Academy Health, based in Washington, DC, is a leading national organization that brings together key stakeholders from the health services and policy research disciplines to address the current and future needs of the nation's evolving healthcare system. One of their fundamental and guiding objectives: translating evidence into action.
Each year at their Annual Research Meeting (ARM), the organization provides a platform for researchers to deliver compelling and innovative presentations on critical and emerging discoveries as well as efforts focused on improving and transforming healthcare delivery and payment systems.
At this year's ARM conference, held earlier this month in Boston, MA, Onpoint's health services researcher, Amy Kinner, MS, participated on a panel exploring the challenges and successes of linking data sources. Moderated by Bobbie Kite, PhD, MHS, of the Ohio State University Wexner Medical Center, the session also included three other speakers: Julia Adler Milstein, PhD, University of Michigan; Jennifer Gaudet Hefele, PhD, University of Massachusetts-Boston; and S. Raquel Ramos, PhD, MSN, MBA, FNP-BC, Yale University.
Using the Vermont Blueprint for Health's patient-centered medical home (PCMH) program as a case study, Kinner explored the complex process used to link data from the state's all-payer claims database (APCD) with clinical data from its statewide practice registry in an effort to provide actionable information to decision makers and providers across the state. Kinner reported that 83% of patients participating in the Blueprint's PCMH program were successfully linked between the two statewide databases using a series of complex algorithms. Combined, the claims and clinical data offer a powerful analytic resource that provides a much clearer and broader view of the quality and cost of healthcare across Vermont.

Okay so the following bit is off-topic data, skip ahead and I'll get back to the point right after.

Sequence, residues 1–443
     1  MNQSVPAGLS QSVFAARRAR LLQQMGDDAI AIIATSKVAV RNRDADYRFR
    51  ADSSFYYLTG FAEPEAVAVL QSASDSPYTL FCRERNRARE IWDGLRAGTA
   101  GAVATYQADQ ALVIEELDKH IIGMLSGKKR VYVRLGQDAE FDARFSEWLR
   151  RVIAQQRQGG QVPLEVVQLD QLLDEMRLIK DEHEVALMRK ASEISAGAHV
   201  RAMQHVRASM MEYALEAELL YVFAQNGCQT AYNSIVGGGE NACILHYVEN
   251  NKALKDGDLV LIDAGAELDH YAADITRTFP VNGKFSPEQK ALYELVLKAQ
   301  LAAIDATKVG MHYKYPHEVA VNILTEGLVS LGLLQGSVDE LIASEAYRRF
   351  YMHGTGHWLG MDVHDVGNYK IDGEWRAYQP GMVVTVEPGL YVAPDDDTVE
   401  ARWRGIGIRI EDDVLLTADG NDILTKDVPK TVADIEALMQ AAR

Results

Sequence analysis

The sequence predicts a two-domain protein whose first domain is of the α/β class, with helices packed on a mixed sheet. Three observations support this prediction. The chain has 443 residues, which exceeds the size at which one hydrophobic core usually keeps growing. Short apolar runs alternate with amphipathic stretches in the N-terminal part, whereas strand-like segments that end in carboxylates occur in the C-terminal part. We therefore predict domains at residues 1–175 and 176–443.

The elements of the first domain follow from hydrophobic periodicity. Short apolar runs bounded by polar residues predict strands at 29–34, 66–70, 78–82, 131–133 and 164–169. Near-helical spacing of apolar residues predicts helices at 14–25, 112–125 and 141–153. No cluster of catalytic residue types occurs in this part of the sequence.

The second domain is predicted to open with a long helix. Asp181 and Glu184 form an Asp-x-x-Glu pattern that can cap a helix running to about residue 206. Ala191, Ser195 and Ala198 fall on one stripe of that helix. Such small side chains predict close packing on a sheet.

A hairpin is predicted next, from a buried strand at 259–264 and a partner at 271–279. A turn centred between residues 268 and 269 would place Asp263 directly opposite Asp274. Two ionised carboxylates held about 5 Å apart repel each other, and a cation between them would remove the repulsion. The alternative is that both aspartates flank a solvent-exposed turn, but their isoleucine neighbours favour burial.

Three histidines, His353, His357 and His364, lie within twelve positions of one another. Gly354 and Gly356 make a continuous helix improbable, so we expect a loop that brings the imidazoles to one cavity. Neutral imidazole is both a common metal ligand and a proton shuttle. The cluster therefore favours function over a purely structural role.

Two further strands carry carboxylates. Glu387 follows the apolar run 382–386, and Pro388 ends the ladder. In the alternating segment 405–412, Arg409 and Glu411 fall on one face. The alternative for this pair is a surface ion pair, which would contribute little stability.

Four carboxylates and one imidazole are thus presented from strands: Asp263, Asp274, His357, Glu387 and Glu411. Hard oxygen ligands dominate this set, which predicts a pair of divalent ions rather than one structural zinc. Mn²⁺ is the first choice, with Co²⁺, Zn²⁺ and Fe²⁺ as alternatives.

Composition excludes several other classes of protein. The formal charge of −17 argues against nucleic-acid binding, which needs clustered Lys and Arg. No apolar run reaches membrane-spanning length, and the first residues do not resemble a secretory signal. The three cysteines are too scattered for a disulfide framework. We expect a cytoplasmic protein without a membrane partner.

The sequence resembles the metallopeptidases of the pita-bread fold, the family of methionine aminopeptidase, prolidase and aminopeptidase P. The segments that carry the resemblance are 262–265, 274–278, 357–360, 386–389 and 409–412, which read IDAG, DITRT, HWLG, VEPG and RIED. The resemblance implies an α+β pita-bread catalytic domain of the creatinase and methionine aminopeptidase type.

After patients have been linked between the two databases, a variety of quality measures, such as hemoglobin A1c (HbA1c) control among diabetes patients and blood pressure control among hypertension patients, are generated by Onpoint's analysts. These outcomes measures are aggregated for each of Vermont's health service areas and enriched with an assortment of cost, utilization, and quality measures, along with Behavioral Risk Factor Surveillance System data, to provide insight to the practices and communities delivering primary care services across the state. The data has also been used to conduct an in-depth study on the impact of controlling HbA1c among diabetes patients on hospital use and total cost.
Kinner noted that the rich data source created by linking claims and clinical data should be further explored for healthcare research and evaluation purposes and for effectively informing policymaking.
Her presentation, "Linking Clinical Registries with the All-Payer Claims Database: A Powerful Source of Data to Reform Healthcare," was also one of only eight abstracts selected by Academy Health (among more than 2,500 total submissions) to be highlighted in the conference's "Best of ARM" session. This session spotlighted some of the most intriguing abstracts presented throughout the meeting, offering a glimpse of changes in the data and methods expected to transform health services research in the years to come.